In our fourth piece of our series on producers in Chicago, Scapi sat down with event discjockey, producer, and engineer DJ Simmy. The multifaceted producer has blossomed in the last few years and made incredible gains within the music industry. She regularly travels across the country to work with established acts as well as up and coming artists.
Her journey to get to this point, though, is one of steps already taken and steps still left to take. In this, DJ Simmy has had many opportunities to reflect on her success thus far and the intentions she’s set.
“I feel like I’m still in the beginning stages of everything right now,” DJ Simmy said. “I was trying to go to the studio everyday to learn how to be an engineer and I had to put in so many hours there.”
She was in progress at a sound engineering program but recently withdrew to focus exclusively on producing.
“That’s the lifestyle though,” DJ Simmy said. “You have to really merge both worlds into one to be able to get where you want to be.”
She plans to teach herself engineering with up and coming artists and collaborators. She currently works in rap, hip-hop, R&B and trap and is venturing into making more pop genre beats.
“My favorite style right now is the Memphis, the Memphis style. I love Yo Gotti, I love Moneybagg [Yo], I love Key Glock… I love Tae Kief, the producer… Memphis got a style to them…”
Music has always been a big part of DJ Simmy’s life. Her father, Reggie McKeiver, has been the youth ministry choir director of Memorial M. B. Church in Chicago’s Southside neighborhood of Gresham, since 1989. Her mother is also active in the music ministry and serves as assistant to the current pastor. Both parents’ musical influences include 80s-2000s Rap & R&B.
She can produce instrumentals relatively quickly, quoting about one day to finish a beat provided time and creativity make room for each other. She also has several alternate versions of beats that she regularly updates and changes to suit another artist’s needs and tastes.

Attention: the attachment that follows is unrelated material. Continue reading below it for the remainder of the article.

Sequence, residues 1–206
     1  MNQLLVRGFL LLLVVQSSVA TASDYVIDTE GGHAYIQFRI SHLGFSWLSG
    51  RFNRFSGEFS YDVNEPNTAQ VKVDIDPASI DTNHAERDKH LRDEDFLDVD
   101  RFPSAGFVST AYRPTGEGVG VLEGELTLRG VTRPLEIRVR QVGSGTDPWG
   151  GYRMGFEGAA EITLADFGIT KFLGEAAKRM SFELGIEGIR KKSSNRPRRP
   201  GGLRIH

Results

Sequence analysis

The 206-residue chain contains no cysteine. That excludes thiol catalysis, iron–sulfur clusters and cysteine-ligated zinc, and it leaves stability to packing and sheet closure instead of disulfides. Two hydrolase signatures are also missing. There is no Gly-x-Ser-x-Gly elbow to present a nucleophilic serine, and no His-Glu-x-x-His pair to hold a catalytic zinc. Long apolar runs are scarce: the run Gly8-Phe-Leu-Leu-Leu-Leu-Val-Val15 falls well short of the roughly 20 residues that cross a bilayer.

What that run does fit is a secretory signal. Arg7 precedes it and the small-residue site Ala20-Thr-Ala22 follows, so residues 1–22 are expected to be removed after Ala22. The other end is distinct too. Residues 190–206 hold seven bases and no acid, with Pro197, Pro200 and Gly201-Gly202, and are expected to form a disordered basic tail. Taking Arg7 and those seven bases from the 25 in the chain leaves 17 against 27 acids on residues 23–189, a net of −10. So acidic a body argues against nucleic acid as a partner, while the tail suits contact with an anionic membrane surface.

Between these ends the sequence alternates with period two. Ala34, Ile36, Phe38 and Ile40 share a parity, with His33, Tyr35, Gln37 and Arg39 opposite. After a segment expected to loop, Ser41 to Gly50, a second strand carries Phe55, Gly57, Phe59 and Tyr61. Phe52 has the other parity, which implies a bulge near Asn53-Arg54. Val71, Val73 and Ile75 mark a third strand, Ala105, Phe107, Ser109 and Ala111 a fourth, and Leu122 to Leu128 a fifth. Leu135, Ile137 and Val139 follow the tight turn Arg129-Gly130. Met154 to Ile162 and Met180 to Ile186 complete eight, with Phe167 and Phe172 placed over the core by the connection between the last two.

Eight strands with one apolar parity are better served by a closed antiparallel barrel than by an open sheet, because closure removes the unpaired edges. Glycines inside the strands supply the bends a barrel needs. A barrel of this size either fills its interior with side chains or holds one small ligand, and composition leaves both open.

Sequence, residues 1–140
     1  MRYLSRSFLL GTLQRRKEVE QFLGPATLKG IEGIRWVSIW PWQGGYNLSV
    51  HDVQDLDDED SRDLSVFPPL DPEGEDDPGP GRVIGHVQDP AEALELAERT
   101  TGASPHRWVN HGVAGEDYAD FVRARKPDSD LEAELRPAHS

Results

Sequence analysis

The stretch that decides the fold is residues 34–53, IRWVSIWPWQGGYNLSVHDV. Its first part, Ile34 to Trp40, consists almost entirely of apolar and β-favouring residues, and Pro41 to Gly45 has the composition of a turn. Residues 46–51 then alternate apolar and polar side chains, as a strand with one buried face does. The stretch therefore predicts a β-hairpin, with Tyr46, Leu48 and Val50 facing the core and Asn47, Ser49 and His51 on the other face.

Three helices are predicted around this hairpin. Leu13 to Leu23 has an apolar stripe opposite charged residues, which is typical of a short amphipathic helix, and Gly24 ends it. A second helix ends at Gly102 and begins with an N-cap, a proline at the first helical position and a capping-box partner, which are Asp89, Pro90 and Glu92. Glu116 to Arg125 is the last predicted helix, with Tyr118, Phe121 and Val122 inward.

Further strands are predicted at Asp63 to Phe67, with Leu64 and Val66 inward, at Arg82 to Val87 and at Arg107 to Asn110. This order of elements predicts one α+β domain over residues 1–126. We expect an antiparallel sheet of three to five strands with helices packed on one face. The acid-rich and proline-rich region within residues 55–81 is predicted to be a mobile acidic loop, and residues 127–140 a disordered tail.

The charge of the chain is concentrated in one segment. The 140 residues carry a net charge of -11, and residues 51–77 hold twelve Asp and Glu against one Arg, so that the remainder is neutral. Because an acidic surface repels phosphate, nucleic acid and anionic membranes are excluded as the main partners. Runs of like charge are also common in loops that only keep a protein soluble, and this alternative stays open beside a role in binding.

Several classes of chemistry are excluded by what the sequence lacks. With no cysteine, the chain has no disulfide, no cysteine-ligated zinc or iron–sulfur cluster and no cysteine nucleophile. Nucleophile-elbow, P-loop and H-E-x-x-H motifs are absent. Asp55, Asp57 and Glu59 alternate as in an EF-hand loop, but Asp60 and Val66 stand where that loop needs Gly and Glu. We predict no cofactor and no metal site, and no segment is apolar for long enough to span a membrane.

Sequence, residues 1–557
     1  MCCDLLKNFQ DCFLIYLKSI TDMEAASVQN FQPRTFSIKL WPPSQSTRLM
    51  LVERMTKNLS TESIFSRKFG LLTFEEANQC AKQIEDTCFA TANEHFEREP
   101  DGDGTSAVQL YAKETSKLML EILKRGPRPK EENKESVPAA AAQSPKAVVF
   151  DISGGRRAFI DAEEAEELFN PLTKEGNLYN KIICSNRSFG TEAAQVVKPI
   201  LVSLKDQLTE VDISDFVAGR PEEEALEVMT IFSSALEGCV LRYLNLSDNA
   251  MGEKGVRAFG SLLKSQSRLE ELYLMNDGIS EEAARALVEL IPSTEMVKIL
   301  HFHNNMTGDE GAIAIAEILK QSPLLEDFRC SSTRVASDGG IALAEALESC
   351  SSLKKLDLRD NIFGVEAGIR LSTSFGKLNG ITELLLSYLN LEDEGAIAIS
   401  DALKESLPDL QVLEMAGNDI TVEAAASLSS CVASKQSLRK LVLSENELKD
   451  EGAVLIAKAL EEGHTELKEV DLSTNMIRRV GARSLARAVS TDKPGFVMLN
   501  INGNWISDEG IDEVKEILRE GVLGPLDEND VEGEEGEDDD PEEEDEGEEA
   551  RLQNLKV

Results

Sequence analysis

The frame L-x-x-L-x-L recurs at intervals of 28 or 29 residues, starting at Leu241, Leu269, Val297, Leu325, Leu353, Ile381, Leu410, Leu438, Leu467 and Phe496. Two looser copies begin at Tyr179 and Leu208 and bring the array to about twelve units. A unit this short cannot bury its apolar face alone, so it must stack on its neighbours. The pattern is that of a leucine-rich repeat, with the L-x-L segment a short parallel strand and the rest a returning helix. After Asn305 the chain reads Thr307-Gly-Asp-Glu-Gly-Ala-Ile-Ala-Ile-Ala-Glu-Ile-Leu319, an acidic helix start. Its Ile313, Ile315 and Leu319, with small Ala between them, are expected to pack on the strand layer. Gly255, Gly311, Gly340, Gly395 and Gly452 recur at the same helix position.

DJ Simmy’s leasing rate is priced on a sliding scale based on artists’ requirements and budget. Buying beats exclusively starts at $200–and with good reason. The producer’s clientele includes mainstream rap and pop artists who can afford to contract exclusive rights to produced instrumentals.
The artist utilizes online beat stores where producers from all over the globe can sell their productions singularly or in packs–some works are even offered for free. Beatstars.com & Traktrain.com are popular online stores where producers can sell their instrumentals.
At this point in her career, DJ Simmy has been invited to work with and open for artists like Doja Cat and Gucci Mane.
“I was supposed to DJ for Doja Cat, but literally the pandemic decided to swoop around literally two weeks before and they were debating if they wanted to do it and then we got the stay-at-home order the weekend before.”
“I was supposed to open for Gucci [in] October…for a Halloween fest… that’s when the numbers started to rise again.”
In addition to live performing and producing, DJ Simmy founded Juice Room, a platform that organizes multi-media events to promote up and coming artists.
“Juice Room is my baby! Juice Room is that outlet where we expose all artists, producers and engineers.”
The platform posts regular content on social media and YouTube that showcases Chicago based artists through interviews and performances. Juice Room also publishes DJ mixes through their network of engineers and producers as well as hosting Instagram live mixes.
“We’re just really trying to connect Chicago and soon connect the world.”